Tiny Pump, Big Promise
Posted date : May 27, 2009

Debiotech has developed a new generation of disposable drug delivery pumps based on SOI-MEMS. Diabetes patients will be the first beneficiaries.

The first application of the tiny SOI-MEMS Nanopump™ will be for treating diabetes. (Courtesy: Debiotech)

An SOI-based MEMS solution developed by Debiotech and manufactured by STMicroelectronics is poised to make a major impact on the lives of people suffering from diabetes and other long-term illnesses.

At the heart of the system is the Nanopump™, a volumetric membrane pump. The pump consists of a membrane micromachined in an SOI wafer, which is in turn sandwiched between two Pyrex™ plates with throughholes. A piezoelectric actuator moves the membrane to compress and decompress the fluid in the pumping chamber.

1st app: insulin

The first application of the Nanopump is the Insulin Nanopump™ for people with diabetes.

The world’s 12 million type-1 or insulin-dependent diabetics have to check their blood repeatedly throughout the day, then self-inject appropriate levels of insulin to adjust for variations in glucose levels caused by meals.

While most diabetics use syringes, a growing number are turning to electronic “insulin pumps” offered by leading medical technology companies. The current generation of pumps is improving, but there are still drawbacks, notably upfront cost and bulkiness.

A typical, classic pumping system consists of a cannula that stays in place in the skin for several days, and an electronic insulin-pumping unit, that is attached to the cannula via a catheter of about 18” (45cm). The attached pumping unit – typically about the size of a pack of playing cards – must be belted in place or carried in a pocket or pouch day and night.

By replacing the heart of the pumping system with a microfluidic MEMS chip, Debiotech has reduced the Insulin Nanopump to about a quarter the size of existing systems. Because it’s so small, the unit can be attached directly to the skin patch, eliminating the nuisance (and potential danger) of the loops of catheter. For the user, it’s also far more visually discrete – a much appreciated advantage.

SOI for precision, size, savings

Beyond the aesthetics and convenience, the use of SOI wafers for fabricating the Nanopump MEMS device has significant medical and economic advantages.

The SOI-based structure allows for the highest reliability in the smallest possible package, enabling very tight control and precision of the pumping mechanism. The flow rate is steady, and it is insensitive to pressure, temperature, viscosity and aging.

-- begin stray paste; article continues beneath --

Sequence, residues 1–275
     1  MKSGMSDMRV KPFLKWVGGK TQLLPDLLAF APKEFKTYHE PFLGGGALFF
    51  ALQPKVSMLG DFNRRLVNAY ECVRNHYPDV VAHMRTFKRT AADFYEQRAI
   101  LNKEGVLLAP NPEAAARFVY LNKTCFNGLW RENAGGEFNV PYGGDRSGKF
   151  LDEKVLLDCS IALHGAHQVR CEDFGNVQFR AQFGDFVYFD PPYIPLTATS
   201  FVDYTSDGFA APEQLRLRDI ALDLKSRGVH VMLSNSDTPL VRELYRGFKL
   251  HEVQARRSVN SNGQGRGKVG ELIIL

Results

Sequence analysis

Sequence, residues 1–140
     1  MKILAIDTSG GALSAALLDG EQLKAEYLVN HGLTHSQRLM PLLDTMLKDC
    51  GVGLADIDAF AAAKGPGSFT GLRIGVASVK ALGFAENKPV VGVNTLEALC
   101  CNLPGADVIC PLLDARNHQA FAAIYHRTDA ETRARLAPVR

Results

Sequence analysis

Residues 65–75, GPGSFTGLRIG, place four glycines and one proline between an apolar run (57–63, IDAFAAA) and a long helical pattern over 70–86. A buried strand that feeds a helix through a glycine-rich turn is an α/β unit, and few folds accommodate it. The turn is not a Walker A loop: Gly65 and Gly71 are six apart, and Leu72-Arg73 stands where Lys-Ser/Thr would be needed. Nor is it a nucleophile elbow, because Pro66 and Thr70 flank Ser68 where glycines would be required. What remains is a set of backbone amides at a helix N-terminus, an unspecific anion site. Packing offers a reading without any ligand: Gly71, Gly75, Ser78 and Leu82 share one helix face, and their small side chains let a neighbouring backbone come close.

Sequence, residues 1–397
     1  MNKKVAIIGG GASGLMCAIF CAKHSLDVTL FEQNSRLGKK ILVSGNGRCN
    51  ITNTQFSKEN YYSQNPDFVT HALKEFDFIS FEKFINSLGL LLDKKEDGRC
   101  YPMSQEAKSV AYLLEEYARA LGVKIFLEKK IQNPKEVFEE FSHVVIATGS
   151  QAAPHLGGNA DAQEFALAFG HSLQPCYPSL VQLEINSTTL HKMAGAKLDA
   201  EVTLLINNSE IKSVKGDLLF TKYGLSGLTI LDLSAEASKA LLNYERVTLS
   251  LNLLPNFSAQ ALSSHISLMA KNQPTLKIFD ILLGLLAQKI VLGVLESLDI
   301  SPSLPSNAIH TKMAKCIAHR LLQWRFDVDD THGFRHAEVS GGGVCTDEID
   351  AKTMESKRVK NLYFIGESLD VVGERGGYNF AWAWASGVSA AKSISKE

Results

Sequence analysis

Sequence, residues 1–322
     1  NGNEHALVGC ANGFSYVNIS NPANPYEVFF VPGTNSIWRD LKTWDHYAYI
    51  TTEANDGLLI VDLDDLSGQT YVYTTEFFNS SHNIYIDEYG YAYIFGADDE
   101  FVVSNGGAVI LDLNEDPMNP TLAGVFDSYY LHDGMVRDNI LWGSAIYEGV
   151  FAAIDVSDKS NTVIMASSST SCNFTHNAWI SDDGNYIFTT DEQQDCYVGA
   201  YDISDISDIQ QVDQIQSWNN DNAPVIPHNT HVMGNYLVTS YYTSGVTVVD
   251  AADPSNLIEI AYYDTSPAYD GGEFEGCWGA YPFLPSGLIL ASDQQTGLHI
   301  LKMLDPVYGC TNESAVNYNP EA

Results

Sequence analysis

It also offers extreme dosing precision. Each pump actuation delivers just 200 nanoliters of insulin – approaching nearly continuous delivery.

From a manufacturing standpoint, the Nanopump is designed to be part of the disposable supply pack, so cost is critical. SOI enabled a drastic reduction in die size, making if far cheaper to produce than a bulk silicon equivalent. In turn, the tiny chip enables a far smaller – and less expensive – pumping unit.

STM’s SOI MEMS expertise

For volume manufacturing, Debiotech turned to STMicroelectronics for its expertise in large-scale production of microfluidic MEMS devices. As Dr. Frédéric Neftel, President and CEO of Debiotech noted, “The collaboration with ST has proven to be extremely efficient in terms of time and achievements.”

Because Debiotech is strictly an R&D company, the Insulin Nanopump will be licensed exclusively to a major medical technology company.

The Nanopump itself, however, could be used and is available for licence in other drug delivery devices requiring high precision over a wide range of conditions.

As such, it heralds a new era in continuous drug delivery, combining the highest level of reliability and performance with previously unmet levels of convenience and safety for the patient.

“Working with our key partner Debiotech, we are readying a tiny piece of silicon that can make a huge difference to millions of diabetes patients around the world.”

Benedetto Vigna,
Group Vice President and General Manager,
STMicroelectronics MEMS and Healthcare, RF and Sensors Division.

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